Well, that sure didn’t take long! If you had asked us even a month ago which party was the odds-on favorite to sweep this year’s statewide elections, we would have (reluctantly) given the nod to the Republicans. Even though Attorney General Ken Cuccinelli is a hugely polarizing figure with politics far to the right of the Commonwealth’s increasingly purple populace, he was deftly winning the personality war with Democratic contender Terry McAuliffe, whose hyperactive style and big-money fundraising roots simply weren’t clicking with Virginia’s voters.
Well, the Macker hasn’t really made any great strides in the likability department, but the Old Dominion’s elephants have suffered a series of unfortunate events so grave that it may end up sending him—and his Democratic ticket-mates—to Capitol Square by default.
It all started with the unexpected primary election of Chesapeake pastor E.W. Jackson, who came out of nowhere to capture the Republican nomination for lieutenant governor. We will not waste precious space here cataloging Pastor Jackson’s long and voluminous history of outrageous statements, financial problems, and purported drug use. Suffice it to say that Jackson set the absurdity bar very high when he was compelled to utter these words at his first post-victory press conference: “I do not believe that birth defects are caused by parents’ sin. I do not believe that yoga leads to Satanism.”
This, it goes without saying, is terrible news for the Cooch, who desperately needed a pair of boring, moderate candidates flanking him in order to make his own extremism more palatable. Instead he now has Reverend Wackadoodle on one side, and Republican state Senator Mark Obenshain on the other. Now, Obenshain—who is running to replace Cuccinelli as AG—isn’t quite as kookalicious as Jackson (who could be?), but his legislative record still presents a minefield of potential embarrassments. This is, after all, a man who once sponsored a bill that would have required any women suffering a miscarriage to report it immediately to the police.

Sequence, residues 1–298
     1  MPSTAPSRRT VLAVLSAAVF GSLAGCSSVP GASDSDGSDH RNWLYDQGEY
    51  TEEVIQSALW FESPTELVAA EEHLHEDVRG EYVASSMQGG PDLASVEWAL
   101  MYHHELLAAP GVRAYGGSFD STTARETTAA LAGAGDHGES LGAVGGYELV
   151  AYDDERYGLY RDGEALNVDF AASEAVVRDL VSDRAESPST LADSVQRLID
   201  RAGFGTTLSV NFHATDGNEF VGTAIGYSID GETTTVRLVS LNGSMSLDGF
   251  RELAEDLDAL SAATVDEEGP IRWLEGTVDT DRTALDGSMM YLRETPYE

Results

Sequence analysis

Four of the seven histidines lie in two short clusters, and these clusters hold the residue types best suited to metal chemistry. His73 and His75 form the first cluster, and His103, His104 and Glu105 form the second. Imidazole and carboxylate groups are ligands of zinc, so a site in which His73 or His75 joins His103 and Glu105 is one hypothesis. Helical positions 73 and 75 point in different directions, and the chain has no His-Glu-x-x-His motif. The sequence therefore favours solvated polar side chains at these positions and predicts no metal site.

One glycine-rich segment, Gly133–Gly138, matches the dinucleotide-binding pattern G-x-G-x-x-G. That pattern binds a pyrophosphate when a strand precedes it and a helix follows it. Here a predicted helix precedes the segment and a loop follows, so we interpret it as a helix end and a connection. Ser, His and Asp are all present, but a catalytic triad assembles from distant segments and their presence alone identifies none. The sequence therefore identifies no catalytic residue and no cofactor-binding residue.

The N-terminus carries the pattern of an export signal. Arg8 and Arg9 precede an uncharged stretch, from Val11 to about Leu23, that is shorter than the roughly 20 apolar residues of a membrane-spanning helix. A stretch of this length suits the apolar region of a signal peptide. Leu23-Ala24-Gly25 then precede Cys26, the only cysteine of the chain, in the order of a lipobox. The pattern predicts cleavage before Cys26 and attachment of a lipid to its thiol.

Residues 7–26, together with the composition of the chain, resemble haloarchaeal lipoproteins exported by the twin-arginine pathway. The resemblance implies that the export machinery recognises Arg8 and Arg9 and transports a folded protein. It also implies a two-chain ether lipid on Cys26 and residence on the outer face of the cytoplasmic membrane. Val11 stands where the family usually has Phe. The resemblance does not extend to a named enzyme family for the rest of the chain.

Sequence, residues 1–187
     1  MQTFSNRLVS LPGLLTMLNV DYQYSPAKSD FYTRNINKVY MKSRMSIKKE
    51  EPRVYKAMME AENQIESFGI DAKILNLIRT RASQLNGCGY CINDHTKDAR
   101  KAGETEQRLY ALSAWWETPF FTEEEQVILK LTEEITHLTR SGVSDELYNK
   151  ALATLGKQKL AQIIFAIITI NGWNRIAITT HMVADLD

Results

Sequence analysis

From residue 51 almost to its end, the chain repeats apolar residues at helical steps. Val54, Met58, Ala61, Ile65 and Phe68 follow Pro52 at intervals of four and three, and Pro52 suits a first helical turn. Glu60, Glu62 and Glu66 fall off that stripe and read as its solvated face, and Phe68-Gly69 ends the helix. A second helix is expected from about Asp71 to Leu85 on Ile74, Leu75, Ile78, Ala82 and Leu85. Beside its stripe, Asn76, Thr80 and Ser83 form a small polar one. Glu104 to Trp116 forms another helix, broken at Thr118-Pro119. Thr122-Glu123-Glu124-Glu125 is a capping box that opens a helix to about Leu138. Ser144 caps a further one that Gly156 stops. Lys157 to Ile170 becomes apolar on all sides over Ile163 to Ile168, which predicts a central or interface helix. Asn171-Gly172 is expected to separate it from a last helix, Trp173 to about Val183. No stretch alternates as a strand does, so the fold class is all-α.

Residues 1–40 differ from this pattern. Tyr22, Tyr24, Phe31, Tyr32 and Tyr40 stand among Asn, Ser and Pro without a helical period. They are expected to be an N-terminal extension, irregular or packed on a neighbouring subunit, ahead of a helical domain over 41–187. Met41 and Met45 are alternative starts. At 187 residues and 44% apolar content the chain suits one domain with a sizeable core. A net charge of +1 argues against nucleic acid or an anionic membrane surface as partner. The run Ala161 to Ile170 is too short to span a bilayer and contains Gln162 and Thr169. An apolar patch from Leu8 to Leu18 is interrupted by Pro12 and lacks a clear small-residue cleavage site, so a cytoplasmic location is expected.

Add to this delightfully deranged political mélange a series of increasingly visible Republican scandals, and Cuccinelli and company’s path to political power seems to grow longer by the day.
The latest black mark to besmirch the Virginia GOP’s brand came courtesy of Governor Bob McDonnell and his wife, who, according to a recent story in The Washington Post, “have billed the state for body wash, sunscreen, dog vitamins and a digestive system ‘detox cleanse,’” while also using state employees to run personal errands for their children. On top of that, Cuccinelli himself has recently been forced to defend the conduct of his staff after an assistant AG was castigated by a federal judge for providing enthusiastic assistance to two energy companies currently fighting lawsuits from citizens over natural gas royalties. (It should come as no surprise that Cuccinelli has received more than $111,000 in campaign contributions from one of these companies.)
At this point, if we were advising Terry McAuliffe, we’d tell him to gather up his running mates and repair to a bomb shelter for the next 10 weeks. After all, there’s nothing the man could do to Virginia’s Republican candidates that could possibly be worse than what they’re currently doing to themselves.